OA Grad Ferrara Keeps Swinging for MASCAC Crown

Mike Ferrara
Former Oliver Ames standout Mike Ferrara, now a senior at Worcester State, has continued his success at the plate at the collegiate level, batting over .400 over the first 16 games of the season. (Worcester State University Athletics)

Josh PerryFollowJoshPerry

Worcester State baseball got off to a great start to the season, going 6-2 on its annual trip to Florida and winning seven games in a row to open the season with only two losses in the opening nine games. While the Lancers have come back down to Earth a little, with only two wins in their last eight games, senior outfielder Mike Ferrara continues to put up huge numbers.

The Oliver Ames grad and former HockomockSports.com First Teamer is batting .421 and has a hit in all but three games for the Lancers this season. This comes as no surprise to people who watched him set a single-season hit record for the Tigers during his senior year, when he recorded 37 hits in the 2015 season, finishing with a .521 average.

Hitting has always been Ferrara’s forte, but this season he has been on fire at the plate right from the start of spring.

“I usually pick up my pace in the warm weather and then bring it up here,” Ferrara said during a phone conversation before the Lancers kicked off MASCAC play. “Usually we don’t start in Florida, but this year we happened to, so it was good to get myself hot early and then try to carry it over up North.”

When he was asked about the Lancers getting off to a strong start this spring, Ferrara pointed to the preparation that the team put in during the off-season. Starting with fall ball and into the winter, the team has been getting ready to turn around a disappointing 2018, in which the Lancers were 12-26, and get back to the levels of 2017 where Worcester State got hot late in the season and won the MASCAC tournament title.

“In the off-season everyone’s in the weight room, everyone’s hitting every day, all of our pitchers were throwing because we had a really tough season last year and we all had the mindset to turn things around this year,” he explained. “So far, so good, and we’re just trying to keep things going.”

While things slipped a little for the team, Ferrara continues to rake. He leads the team in average (.421), slugging (.684), and RBI (15). He is also second in stolen bases (six) and runs scored (13) and third in on-base percentage (.485) and walks (eight) entering a two-game weekend set with Bridgewater State.

“I’m just getting into better counts, a lot of good hitter counts for myself,” he said. Getting up with runners on base has also helped him get set to go. “Pitchers are a little nervous when you’re up with runners on,” he remarked, “and I’m getting into good counts and basically putting good swings on the ball, putting it in play, and producing runs.”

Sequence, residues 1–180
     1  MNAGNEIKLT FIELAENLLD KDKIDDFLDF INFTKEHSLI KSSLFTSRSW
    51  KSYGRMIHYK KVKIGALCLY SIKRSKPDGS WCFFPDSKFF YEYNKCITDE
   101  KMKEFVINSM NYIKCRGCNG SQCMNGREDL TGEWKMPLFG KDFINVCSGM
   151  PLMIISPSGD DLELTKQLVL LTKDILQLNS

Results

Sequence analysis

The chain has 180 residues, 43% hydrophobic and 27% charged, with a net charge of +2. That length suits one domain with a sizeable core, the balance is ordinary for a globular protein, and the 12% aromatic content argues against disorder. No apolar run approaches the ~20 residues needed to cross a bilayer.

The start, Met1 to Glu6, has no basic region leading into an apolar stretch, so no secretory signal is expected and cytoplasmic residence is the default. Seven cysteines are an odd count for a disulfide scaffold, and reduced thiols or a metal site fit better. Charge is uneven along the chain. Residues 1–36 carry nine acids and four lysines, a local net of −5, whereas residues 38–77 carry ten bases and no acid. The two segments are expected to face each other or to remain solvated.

Ferrara said that he has kept essentially the same approach since high school. He continues to train in the winter with Terence O’Malley of TJO Sports in Canton, just like he has since his sophomore year at OA, and goes into each at-bat focused on her timing.

“That’s my big thing – if I’m not on time, then I’m not going to be getting any hits,” he said. Of course some things have changed since making the leap to collegiate baseball. “You see guys with a lot of pitches, more arm slots. If you’re hitting well then you’re going to see more curveballs and changeups and if you’re not then they’ll try to put you out with the fastball.”

He added, “I kind of work with the same things that I’ve been doing and luckily, it’s still been successful. I’m blessed.”

Being comfortable at the plate is critical to succeed against college-level pitching and Ferrara seems to have found his groove. He went hitless in the season opener against Mount Union in Kissimmee, Fla. and then got at least one hit in nine straight games, highlighted by a 4-for-6 game against Keene State that earned him MASCAC Player of the Week honors.

After going hitless in back-to-back games against WPI and Westfield State, Ferrara is back on track. He has two hits in each of his last four games, although he only has one RBI in the last seven games after 14 in his first nine.

“It’s always good to get recognized,” he said, “but I’m at the point in my career where I’m just trying to focus on winning. It’s nice to get a little recognition but we’re always trying to win games and trying to get back to the conference championship.”

Two years ago, the Lancers went on a run through the conference tournament, beating Framingham State 10-3 and 1-0 in the final series to book a spot in the NCAA tournament. While that was fun as a sophomore, getting back to that stage as a senior would be particularly special.

“We know that everyone’s going to need to pitch in and it’s going to take a team effort to get back there but we know we have the pieces,” Ferrara explained. “It’s coming to an end soon, so you have to be putting it all together to win games. There’s no turning back after this.”

As the Lancers enter April, the games start to come thick and fast and the season turns into a grind to try and move up the conference standings. There may only be a few days off and it takes a lot of work to balance life, school, and baseball, Ferrara is never going to pass up the chance to play baseball every day.

Ferrara said, “Bodies are tired, arms are getting short, but you’ve got to put it together. Just knowing that you’re waking up playing a baseball game, there’s nothing better, especially once everyone’s fired up for conference it gets even better.

“I love playing,” he added. “This is the best time of the year, playing baseball, so we’re just looking forward to continuing this season and hopefully seeing some success.”

Stoughton Alum Becomes Star at Worcester State

Alicia Macomber
Worcester State senior Alicia Macomber comes into this season as the reigning MASCAC Player of the Year. (Courtesy of Worcester State Athletics)

By Josh Perry, Managing Editor